Notice again: they think he is a ghost. Layered on top of their already high anxiety due to the dangerous situation they’re in, they now have a very specific fear. Jesus speaks to them to address that specific fear. He’s not telling them to adopt a lifestyle. “Look! It’s me, Jesus! Don’t be afraid!”
But Peter goes off the rails.
Peter was anxious. His anxiety created impatience. His impatience created more anxiety, which in Peter usually results in something impetuous and rash which is why he says one of the dumbest things yet: “Lord, if it is you, command me to come to you on the water.”
I can just see Jesus rolling his eyes. Oy.
Remember when Jesus was tempted by the devil? How did the devil begin each challenge? “If you really are the son of God…” There’s an echo of that here in Peter’s strange challenge. And do you remember how Jesus responded to the devil at the end? “You shall not put the Lord your God to the test.”
“Lord, if it is you, command me to come to you on the water.” Why would Peter say this? The wind is howling. The seas are roiling. It’s dark and spooky. They’re all exhausted. It’s a pretty strange time for an ordeal of faith. And what if it had been an evil water spirit and not Jesus walking toward them—they did believe in such things, after all? Wouldn’t such a being take delight in commanding Peter to come and then watching him drown?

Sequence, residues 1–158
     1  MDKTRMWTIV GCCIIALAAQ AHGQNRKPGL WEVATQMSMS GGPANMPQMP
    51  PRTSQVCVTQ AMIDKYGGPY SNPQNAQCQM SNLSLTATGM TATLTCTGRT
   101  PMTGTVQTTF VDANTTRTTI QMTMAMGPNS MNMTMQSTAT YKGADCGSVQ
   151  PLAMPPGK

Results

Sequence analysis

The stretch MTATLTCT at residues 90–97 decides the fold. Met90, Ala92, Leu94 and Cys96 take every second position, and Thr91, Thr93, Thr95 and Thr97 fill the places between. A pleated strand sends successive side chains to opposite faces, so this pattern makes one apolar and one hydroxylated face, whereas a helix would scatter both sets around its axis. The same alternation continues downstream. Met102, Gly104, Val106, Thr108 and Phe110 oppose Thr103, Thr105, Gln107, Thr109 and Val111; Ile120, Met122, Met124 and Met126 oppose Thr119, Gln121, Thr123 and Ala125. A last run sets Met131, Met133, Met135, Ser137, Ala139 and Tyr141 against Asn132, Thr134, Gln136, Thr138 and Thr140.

Remember what I said about responses to anxiety and responses to fear—fight, flight or freeze? From what we know about Peter, it seems pretty clear that his go-to response to anxiety is fight. He’s a physical guy. In this moment he needs to do something physical to fight his fear—something external to fight the fear that’s internal—and all the better if it can look like faith while he’s doing it. So, impulsive as ever, Peter asks Jesus to command him to come to him, to walk to him across the water.
And to Peter’s credit, between the adrenaline, and his love for and faith in Jesus, for a few brief steps he manages to walk on water. But have you noticed that Jesus doesn’t calm the wind and waves for Peter during his self-imposed test of faith?
But when he noticed the strong wind, he became frightened, and beginning to sink, he cried out, ‘Lord, save me!’